‘More Speech, Not Enforced Silence’

D.Hudson Counter_Speech

A better response to speech we dislike is to counter that speech with positive speech, to show why the speaker is wrong and offer a different viewpoint.

A natural human response to harmful speech is to punish, silence or censor the speaker. After all, who wants to hear speech we consider overtly offensive, heinously hateful or insensibly ignorant. But when the government acts as punisher, silencer or censor, the First Amendment acts as a strong bulwark against these censorial instincts.

A better response to speech we dislike is to counter that speech with positive speech, to show why the speaker is wrong and offer a different viewpoint. This principle is a time-honored one in First Amendment law called the counterspeech doctrine.

Justice Louis D. Brandeis most memorably captured the essence of the counterspeech doctrine in his concurring opinion in Whitney v. California (1927). He wrote:

If there be time to expose through discussion the falsehood and fallacies, to avert the evil by the processes of education, the remedy to be applied is more speech, not enforced silence.

Time and again over the years, the U.S. Supreme Court and many lower courts have invoked the counterspeech doctrine as the preferred First Amendment remedy. For example, in United States v. Alvarez (2012), a case involving the federal prosecution of a man who lied about receiving military medals, Justice Anthony Kennedy wrote that “the remedy for speech that is false is speech that is true.”

Years earlier, Justice Thurgood Marshall invoked the counterspeech doctrine in Linmark Associates, Inc. v. Township of Willingboro (1977), invalidating a New Jersey municipal ordinance banning “for sale” signs in the midst of what city officials perceived to be white flight. Justice Marshall quoted Justice Brandeis’s famous passage in Whitney and added that the city could not ban the signs but could engage in the “processes of education” to promote integrated housing.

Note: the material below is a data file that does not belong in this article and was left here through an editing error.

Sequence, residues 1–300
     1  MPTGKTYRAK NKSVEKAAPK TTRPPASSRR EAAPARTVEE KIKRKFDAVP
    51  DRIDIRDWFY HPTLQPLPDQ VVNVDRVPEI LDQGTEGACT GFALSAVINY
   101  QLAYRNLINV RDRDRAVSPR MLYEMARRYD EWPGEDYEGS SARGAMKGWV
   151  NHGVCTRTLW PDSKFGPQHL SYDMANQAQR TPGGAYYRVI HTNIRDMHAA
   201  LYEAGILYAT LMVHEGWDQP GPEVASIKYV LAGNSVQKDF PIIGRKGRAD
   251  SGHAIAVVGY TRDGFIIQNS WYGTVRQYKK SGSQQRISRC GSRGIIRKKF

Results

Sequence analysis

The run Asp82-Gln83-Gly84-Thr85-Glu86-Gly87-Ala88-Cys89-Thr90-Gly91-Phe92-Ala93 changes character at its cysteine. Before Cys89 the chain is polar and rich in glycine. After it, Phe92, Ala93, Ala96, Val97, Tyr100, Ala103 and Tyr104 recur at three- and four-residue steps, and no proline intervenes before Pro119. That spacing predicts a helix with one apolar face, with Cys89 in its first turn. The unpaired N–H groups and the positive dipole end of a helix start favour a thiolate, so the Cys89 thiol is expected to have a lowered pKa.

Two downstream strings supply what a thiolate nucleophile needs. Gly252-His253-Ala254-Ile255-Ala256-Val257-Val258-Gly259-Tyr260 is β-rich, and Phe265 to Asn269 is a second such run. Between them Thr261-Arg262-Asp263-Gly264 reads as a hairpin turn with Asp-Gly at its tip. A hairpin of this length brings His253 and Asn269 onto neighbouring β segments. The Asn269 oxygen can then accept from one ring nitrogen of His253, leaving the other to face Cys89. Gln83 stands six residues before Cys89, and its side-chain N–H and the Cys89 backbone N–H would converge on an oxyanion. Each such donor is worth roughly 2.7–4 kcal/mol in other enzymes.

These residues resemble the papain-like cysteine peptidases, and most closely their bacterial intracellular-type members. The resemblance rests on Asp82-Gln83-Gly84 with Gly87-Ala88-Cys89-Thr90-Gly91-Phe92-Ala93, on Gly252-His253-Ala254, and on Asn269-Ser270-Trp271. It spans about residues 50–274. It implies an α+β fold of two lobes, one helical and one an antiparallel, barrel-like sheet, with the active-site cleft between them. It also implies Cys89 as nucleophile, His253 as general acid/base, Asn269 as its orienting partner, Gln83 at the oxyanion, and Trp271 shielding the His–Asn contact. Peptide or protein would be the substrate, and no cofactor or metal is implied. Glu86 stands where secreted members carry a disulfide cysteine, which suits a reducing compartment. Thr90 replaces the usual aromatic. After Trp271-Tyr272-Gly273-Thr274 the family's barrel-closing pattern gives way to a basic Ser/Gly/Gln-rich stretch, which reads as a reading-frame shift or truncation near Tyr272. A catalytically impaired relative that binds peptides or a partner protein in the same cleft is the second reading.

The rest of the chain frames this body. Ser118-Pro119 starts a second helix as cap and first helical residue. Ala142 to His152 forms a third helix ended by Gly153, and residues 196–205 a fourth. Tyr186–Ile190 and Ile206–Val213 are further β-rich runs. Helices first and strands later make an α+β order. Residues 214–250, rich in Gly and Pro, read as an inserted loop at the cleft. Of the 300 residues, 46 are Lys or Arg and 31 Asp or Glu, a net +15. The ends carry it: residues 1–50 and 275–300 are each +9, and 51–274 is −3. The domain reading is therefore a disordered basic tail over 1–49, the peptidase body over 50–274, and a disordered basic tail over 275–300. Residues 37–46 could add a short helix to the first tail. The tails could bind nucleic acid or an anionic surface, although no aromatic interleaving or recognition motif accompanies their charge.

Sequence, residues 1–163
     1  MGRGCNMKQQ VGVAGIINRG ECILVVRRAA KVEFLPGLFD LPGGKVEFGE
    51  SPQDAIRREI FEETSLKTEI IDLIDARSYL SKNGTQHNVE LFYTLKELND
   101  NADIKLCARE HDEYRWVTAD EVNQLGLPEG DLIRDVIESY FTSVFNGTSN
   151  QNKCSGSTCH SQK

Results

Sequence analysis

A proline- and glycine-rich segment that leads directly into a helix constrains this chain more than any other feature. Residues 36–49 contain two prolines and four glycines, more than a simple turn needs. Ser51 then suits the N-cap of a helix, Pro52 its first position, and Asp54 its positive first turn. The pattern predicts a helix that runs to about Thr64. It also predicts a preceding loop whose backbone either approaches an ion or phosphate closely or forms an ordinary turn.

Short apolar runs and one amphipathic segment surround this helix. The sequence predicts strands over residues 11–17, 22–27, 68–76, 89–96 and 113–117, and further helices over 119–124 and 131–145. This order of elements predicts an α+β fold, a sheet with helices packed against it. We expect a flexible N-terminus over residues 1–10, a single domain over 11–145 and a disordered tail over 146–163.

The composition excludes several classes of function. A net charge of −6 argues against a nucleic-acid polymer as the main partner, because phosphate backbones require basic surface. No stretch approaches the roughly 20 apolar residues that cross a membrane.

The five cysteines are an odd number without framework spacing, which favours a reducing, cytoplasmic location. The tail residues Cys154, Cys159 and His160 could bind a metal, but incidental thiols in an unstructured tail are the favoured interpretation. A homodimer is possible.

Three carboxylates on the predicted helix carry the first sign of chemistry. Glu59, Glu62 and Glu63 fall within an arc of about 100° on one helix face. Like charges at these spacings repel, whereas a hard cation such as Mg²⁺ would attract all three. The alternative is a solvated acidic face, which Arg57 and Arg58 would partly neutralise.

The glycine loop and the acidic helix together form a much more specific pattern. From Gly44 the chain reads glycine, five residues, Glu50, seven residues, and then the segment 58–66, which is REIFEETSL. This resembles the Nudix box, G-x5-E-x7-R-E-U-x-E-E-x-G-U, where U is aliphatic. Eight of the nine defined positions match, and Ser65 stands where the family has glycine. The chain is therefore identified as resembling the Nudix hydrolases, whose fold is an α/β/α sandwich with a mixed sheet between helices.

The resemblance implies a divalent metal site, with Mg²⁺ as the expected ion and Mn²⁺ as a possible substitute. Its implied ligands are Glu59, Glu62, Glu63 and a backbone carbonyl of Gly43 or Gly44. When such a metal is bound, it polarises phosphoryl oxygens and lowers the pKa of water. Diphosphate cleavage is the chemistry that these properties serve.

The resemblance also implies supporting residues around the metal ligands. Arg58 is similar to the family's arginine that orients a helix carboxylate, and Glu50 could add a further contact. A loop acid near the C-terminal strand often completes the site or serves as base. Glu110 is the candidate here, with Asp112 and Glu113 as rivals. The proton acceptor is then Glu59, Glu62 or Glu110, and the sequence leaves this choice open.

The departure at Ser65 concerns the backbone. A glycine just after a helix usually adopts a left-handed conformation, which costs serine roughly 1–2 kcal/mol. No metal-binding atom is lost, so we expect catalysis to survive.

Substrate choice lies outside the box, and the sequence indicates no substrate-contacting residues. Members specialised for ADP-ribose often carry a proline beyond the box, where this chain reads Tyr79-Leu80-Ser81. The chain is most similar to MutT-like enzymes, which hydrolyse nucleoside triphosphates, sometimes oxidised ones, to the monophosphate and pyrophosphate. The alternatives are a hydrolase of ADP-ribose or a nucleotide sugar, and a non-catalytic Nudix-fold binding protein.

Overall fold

At times, it is most tempting to censor speech or to call for the censorship of speech we don’t like. But before engaging in those impulses, we should consider Justice Brandeis’s time-honored message of “more speech, not enforced silence.”

David L. Hudson Jr. is a First Amendment Fellow at the Freedom Forum Institute, and a law professor at Belmont University who publishes widely on First Amendment topics. He is the author of a 12-lecture audio course on the First Amendment titled, “Freedom of Speech: Understanding the First Amendment” (Now You Know Media, 2018). He also is the author of many First Amendment books, including “The First Amendment: Freedom of Speech” (Thomson Reuters, 2012) and “Freedom of Speech: Documents Decoded” (ABC-CLIO, 2017).

One thought on “‘More Speech, Not Enforced Silence’

  1. I have always believed in using more speech against bigoted speech. Silencing the bigots can give power to his actions of discrimination, murder, and brutality making it impossible to stop him or her until it’s too late. Not only Thomas Jefferson was guilty of slavery, but, Joan Crawford was guilty of exploiting children for a publicity stunt. Errol Fylnn was guilty of getting together with 16 years old. Should we erase their history too? You can’t punish the dead.

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